Devialet Dione Atmos Soundbar Review Page 2

The Devialet app can also be used to select inputs and perform other functions. You can choose the default listening mode for each input, activate a Night mode that does an excellent job of attenuating bass, deactivate the room-calibration microphones, and set the status LED to either turn off or automatically dim based on an onboard sensor's reading of light in the room. You can also exercise multiroom control over any Devialet Phantom or other AirPlay 2-compliant wireless speakers on the network.

What you won't find in the app are any adjustments for EQ or speaker levels. I might normally cite this as a negative, but like the Sonos Arc—which benefits from in-room auto calibration—the Dione uses an app-activated calibration routine that relies on test tones picked up by mics in the soundbar to optimize its sonics. It's a super-quick procedure, unlike the Sonos Trueplay routine, which involves walking around the room and using the microphone in your mobile phone. However, despite having onboard microphones, the Dione lacks compatibility with the popular voice-based services you find on the Arc and other soundbars, so you can't connect with Alexa or Google Assistant. On a similar note, there's no way to add ambience enhancing rear-surround speakers to the Dione, which would be a nice option for such a premium system, even if it is at odds with the notion of an all-in-one solution.

Setup was a simple matter of plugging in Dione, downloading the app and hitting a button on the home page to detect the new device. It connected quickly and, once the app confirmed the positon of the soundbar, guided me through the auto-calibration routine. Done.

The first thing you notice when listening to the Devialet Dione is the quality of the bass. It's not overbearing or boomy, it's just present in the most natural sense of the word. With music you hear well-defined, tuneful bass notes that reach low but never overexcite the room no matter how loud you go. Kick drums, electric and double bass lines, or low-end EDM synth notes work in perfect balance with the rest of the music. And with soundtracks you not only feel the impact of explosions and other rumble effects but hear bass elements in the score that might otherwise be lost in the chaos. I can't even begin to describe how this changes things. While watching a mundane home renovation show on HGTV, I was surprised to hear well-defined bass in the low-level, interstitial music beneath the voice narration. There's a fullness to everything you watch that just enhances the experience.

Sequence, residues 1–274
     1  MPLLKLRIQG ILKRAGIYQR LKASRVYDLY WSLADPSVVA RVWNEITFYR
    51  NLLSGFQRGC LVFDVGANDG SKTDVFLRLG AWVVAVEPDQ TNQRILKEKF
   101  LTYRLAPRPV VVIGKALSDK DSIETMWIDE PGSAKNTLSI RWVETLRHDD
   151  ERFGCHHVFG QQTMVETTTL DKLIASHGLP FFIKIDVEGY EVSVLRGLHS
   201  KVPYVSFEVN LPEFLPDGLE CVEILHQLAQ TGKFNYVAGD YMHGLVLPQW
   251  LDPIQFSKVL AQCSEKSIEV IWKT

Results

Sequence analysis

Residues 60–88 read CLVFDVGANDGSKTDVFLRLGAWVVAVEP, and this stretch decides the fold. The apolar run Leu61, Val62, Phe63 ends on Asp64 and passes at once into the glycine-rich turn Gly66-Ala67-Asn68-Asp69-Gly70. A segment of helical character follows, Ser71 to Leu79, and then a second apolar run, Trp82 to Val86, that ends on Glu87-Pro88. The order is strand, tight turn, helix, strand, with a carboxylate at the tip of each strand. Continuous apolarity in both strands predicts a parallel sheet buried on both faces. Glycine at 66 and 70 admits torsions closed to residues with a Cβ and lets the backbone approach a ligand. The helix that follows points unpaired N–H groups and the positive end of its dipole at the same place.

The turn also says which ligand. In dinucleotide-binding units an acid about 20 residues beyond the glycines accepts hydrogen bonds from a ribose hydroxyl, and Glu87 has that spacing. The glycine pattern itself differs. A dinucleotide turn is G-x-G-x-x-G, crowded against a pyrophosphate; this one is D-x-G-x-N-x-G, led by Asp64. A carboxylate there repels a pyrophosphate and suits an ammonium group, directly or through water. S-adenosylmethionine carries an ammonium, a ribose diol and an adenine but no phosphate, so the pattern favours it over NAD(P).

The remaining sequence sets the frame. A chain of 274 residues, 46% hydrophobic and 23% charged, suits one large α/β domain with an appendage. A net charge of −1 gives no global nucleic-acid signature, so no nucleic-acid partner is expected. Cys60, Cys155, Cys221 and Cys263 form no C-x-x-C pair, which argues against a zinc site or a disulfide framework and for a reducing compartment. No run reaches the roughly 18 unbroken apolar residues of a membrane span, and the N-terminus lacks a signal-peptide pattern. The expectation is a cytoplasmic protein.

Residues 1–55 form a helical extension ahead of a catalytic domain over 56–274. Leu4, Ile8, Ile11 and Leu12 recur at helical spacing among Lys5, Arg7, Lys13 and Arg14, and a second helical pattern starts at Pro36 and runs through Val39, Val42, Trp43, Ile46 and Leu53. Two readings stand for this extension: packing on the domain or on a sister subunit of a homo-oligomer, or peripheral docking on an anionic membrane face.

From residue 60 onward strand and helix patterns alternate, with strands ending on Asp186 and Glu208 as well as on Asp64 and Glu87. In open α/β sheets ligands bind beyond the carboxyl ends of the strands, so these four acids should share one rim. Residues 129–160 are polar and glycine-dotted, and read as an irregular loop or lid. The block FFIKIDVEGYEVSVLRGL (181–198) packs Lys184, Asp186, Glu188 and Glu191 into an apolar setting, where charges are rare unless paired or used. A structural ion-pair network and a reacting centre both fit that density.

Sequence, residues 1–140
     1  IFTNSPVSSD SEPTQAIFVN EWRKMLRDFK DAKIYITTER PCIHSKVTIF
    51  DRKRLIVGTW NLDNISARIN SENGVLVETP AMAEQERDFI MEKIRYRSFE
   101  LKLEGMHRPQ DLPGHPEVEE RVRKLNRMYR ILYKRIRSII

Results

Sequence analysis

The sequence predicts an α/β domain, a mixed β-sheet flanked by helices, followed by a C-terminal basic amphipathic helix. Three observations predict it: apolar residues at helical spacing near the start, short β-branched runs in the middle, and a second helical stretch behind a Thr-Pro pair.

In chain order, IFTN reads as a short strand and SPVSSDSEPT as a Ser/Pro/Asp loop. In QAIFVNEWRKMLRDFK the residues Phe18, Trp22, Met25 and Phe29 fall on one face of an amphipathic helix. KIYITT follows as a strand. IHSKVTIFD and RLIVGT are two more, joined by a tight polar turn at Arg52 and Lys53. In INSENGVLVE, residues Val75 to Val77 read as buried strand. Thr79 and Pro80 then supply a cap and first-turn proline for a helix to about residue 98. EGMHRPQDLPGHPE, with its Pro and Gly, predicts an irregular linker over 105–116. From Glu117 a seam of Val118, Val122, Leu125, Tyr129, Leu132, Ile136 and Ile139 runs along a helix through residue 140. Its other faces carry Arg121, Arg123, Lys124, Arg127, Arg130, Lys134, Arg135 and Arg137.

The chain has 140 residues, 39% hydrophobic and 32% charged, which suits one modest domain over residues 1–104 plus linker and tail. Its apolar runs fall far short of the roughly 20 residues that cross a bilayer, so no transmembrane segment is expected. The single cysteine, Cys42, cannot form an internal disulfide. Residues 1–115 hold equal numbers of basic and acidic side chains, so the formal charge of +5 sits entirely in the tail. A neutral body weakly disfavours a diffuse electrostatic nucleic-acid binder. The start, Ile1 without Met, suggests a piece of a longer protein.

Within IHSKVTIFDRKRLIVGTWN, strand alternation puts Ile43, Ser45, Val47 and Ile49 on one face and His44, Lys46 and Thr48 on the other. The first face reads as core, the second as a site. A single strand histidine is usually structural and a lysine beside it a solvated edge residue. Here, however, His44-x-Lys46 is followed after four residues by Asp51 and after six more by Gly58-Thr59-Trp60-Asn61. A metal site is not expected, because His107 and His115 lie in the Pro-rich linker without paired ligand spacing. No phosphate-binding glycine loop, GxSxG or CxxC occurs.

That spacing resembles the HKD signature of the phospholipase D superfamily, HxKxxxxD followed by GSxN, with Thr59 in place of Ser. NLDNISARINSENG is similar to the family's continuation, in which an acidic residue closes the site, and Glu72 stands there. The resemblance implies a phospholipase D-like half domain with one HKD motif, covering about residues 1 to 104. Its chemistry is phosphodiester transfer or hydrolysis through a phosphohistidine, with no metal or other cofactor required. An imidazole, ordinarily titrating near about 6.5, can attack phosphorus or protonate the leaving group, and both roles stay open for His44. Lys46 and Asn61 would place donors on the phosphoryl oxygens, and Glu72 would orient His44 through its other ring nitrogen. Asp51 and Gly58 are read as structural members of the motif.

Moving up from the bottom, the bass is joined by an extremely open, unveiled midrange and high end I'd characterize as exceptionally smooth and highly detailed, but without any of the edginess or hyper-etched upper-frequency exaggeration you sometimes get with aluminum domes. All of this combines with exceptional imaging that, thanks to the side-firing and height drivers, goes wider than the bar, up to the ceiling and out into the room.

For most of my listening, which included stereo and Dolby Atmos music tracks streamed from the Tidal app on my TV, I chose the Movie mode over the stereo Music mode. It was always more open-sounding, with a natural but expanded soundstage in both height and width, and it rarely suffered from the reverb effect on vocals you hear with some preset listening modes. There was little to no loss of focus on centered voices or instruments, and little of the echo-chamber effect that can occur when vocals are partially assigned to speakers beyond the center channel. On the other hand, the Spatial mode, which replaced the Movie mode when I was listening to wireless streams from my phone over AirPlay 2, did suffer from these deleterious effects. It expanded the image more aggressively than the Movie mode but pushed centered vocals and soloists too far back in the mix. I much preferred the two-channel Music mode, despite its tighter soundstage, when listening to wireless music sources.